Playback Mode
: This mode lets you review captured images and movies on the memory card, as well as erase them, write-protect them, or set them up for printing on a DPOF device. Menu options in this mode include:

  • Erase: Lets you erase a single frame or all frames. A Format option formats the SmartMedia card, erasing all images on the card, even protected ones.
  • Protect: Write-protects the currently-displayed image or all images, preventing accidental erasure (except via card formatting). This option can also remove protection.
  • DPOF: Sets up images on the memory card for printing on a DPOF compatible device. You can set the number of copies, whether or not to print the date, or remove DPOF settings.
  • Voice Memo: Records a short sound clip to accompany a captured image. Records for 30 seconds or less.
  • Set: Displays the same Option menu described above.


Movie Mode
: A small, red movie camera icon denotes this mode above the Mode switch. Here, the camera captures moving images with sound, with actual recording times depending on the available memory card space. The following menu options are available:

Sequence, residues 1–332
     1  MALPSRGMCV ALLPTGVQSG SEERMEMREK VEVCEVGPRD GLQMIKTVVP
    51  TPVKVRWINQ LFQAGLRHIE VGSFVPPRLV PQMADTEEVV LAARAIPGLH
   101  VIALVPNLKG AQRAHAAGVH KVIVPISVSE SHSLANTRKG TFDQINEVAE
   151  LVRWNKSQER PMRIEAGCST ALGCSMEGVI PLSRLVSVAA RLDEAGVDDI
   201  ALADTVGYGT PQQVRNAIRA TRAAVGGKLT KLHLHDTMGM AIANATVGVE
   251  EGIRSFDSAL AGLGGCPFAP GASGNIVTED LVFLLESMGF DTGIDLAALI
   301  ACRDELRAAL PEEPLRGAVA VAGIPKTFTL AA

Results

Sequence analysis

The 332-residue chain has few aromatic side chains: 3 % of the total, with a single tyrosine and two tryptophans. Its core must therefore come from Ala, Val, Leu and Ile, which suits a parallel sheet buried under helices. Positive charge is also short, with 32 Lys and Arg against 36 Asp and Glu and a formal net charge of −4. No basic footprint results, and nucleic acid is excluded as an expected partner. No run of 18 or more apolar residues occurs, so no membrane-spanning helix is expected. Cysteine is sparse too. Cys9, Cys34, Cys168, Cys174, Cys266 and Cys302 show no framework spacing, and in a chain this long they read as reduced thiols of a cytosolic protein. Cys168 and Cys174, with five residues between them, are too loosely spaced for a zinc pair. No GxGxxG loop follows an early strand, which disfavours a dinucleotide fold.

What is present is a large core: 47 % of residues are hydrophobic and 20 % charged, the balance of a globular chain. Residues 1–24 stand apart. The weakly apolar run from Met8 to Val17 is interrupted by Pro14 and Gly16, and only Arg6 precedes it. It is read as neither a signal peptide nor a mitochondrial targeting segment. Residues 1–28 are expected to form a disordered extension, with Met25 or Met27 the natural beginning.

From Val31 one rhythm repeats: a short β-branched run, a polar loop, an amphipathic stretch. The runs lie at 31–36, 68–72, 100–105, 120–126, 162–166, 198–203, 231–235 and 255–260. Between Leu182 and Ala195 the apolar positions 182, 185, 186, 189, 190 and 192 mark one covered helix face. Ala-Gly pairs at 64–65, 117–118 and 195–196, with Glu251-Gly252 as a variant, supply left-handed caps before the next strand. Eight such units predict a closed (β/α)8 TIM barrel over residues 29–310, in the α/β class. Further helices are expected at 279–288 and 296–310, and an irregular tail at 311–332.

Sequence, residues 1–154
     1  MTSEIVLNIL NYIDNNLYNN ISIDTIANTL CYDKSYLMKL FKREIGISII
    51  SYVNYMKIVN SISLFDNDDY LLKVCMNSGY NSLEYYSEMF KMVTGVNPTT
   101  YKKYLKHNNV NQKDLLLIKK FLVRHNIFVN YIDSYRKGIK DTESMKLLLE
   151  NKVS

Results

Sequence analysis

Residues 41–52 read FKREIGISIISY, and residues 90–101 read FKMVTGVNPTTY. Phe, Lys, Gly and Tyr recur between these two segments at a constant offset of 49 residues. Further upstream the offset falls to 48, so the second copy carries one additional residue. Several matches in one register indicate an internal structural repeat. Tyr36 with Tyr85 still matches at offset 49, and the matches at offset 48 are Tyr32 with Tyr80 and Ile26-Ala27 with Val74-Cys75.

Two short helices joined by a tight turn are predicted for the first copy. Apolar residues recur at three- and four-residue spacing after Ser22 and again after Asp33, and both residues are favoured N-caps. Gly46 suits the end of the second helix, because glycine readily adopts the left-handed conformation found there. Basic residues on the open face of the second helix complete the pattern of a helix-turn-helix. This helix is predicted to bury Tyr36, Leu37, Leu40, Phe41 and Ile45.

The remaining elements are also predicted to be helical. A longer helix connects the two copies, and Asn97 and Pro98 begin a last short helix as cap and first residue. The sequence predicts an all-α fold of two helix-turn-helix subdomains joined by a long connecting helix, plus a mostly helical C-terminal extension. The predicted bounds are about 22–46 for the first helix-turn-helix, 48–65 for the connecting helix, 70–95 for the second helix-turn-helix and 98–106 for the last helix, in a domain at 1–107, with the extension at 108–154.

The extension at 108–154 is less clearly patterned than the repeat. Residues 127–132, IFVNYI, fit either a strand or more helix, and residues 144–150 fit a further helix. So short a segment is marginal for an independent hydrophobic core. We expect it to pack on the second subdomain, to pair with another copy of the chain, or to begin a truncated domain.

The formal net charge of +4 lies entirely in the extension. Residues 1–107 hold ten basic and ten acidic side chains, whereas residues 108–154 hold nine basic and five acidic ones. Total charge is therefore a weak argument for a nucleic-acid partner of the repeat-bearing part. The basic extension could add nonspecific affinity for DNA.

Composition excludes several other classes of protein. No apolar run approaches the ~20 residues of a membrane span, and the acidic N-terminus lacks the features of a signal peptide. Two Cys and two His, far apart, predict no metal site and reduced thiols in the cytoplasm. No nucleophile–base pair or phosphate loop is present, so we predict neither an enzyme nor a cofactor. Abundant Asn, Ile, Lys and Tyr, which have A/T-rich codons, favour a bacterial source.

• Quality: Sets the resolution to 160 x 120 pixels or 320 x 240 pixels.
  • Set: Displays the LCD Brightness adjustment and same Setup menu as in Record mode.


Test Images
See our test images and detailed analysis here. The thumbnails below show a subset of our standard test images. Click on a thumbnail to see the corresponding full-size photo.

Outdoor
Indoor
Indoor Flash
 

 

 

House
Musicians
Macro
 

 

 

Davebox
Resolution
Viewfinder Accuracy

 

Specifications

Click here for detailed specifications for the F401.

Picky Details

Cycle times, shutter lag, battery life, etc. can be found here.

Test Results